The solid state element interposed between the touch control means and the solid state switching device may constitute a transistor connected to apply "switch-on" potential to the control terminal of the solid state switching device upon an operator contacting the touch control means, and the disabling means may constitute another transistor connected to shunt the enabling means when the touch control means is contacted at such time as the solid state switching device is in an on mode. The transistors just described essentially constitute control means or a "front end" for the solid state switching device and the latching means. In lieu thereof, alternate front ends such as a field effect transistor (FET) or transistors arranged in Darlington configuration can be utilized.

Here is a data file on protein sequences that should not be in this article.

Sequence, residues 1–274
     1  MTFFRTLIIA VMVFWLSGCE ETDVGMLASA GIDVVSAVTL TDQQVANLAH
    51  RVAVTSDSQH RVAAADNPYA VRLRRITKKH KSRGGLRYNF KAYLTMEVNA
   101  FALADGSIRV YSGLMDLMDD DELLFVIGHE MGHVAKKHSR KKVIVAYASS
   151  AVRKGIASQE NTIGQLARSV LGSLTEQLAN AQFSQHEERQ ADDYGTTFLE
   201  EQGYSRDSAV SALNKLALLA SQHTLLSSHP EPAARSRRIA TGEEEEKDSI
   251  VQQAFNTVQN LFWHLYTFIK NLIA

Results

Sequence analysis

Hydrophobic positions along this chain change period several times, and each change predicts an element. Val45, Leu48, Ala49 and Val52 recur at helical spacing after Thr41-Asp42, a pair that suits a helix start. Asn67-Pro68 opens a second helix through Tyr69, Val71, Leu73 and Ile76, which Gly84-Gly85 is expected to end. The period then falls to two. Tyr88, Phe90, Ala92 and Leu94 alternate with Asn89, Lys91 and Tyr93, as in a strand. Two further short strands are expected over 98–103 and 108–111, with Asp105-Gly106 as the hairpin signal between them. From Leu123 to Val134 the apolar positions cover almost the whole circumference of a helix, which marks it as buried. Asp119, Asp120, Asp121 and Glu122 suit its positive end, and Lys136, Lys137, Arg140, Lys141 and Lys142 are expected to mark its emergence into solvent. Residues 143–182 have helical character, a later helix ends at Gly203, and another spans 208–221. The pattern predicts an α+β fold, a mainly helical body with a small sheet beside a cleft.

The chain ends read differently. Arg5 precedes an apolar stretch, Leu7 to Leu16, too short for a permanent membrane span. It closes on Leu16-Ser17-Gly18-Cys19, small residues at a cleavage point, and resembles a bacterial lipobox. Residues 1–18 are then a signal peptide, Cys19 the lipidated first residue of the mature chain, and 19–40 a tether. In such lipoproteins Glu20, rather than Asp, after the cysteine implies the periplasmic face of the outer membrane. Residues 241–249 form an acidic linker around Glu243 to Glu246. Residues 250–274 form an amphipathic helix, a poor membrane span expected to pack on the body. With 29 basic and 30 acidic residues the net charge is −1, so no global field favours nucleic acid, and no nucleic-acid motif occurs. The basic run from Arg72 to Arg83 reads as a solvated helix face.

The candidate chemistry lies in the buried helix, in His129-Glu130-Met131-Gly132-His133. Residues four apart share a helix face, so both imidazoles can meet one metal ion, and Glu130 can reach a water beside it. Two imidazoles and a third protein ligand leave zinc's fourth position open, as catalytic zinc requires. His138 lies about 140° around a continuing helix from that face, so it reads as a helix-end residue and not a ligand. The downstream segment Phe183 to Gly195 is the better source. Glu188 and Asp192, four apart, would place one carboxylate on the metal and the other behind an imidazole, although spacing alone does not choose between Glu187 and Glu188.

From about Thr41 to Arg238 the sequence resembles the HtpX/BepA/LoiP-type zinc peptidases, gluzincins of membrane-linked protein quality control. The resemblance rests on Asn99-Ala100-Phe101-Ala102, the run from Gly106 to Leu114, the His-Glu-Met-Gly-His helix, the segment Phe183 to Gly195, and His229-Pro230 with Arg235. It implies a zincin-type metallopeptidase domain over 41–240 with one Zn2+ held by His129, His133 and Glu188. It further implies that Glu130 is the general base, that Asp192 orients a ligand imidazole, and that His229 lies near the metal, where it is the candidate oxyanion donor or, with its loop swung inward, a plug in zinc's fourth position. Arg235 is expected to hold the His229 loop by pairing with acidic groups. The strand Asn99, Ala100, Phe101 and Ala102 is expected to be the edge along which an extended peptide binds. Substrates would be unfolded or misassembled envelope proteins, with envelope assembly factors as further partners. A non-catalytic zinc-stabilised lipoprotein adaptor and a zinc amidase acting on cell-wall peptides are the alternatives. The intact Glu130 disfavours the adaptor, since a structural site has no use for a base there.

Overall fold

Instead of using ring-like contact means for controlling the off and on mode of the solid state switching device, the contact means may be so shaped or have associated therewith indicating means that a user can readily ascertain which is the on touch contact and which is the off touch contact. Thus, with ring-like touch contact means in vertically stacked configuration, either the upper or lower of the ringlike means may be the off touch contact and the other the on touch contact, and some members of the public might not care to have to remember which contact means is which. This can be avoided in the fashion indicated above by suitable associated means. For example, the on contact may be colored green and the off contact colored red, or the touch contact means may be in the shape of discs simulative of traffic lights, one of which is colored red and the other green, the red touch contact being vertically above the green touch contact in the familiar manner of traffic signals. Also, the touch contacts could be in the shape of words such as "on" and "off". Furthermore, where the touch contacts have associative control indications or configurations, said touch controls may be transparent and affiliated with one or more sources of illumination which is particularly desirable for assisting a user in locating the on touch control in the dark.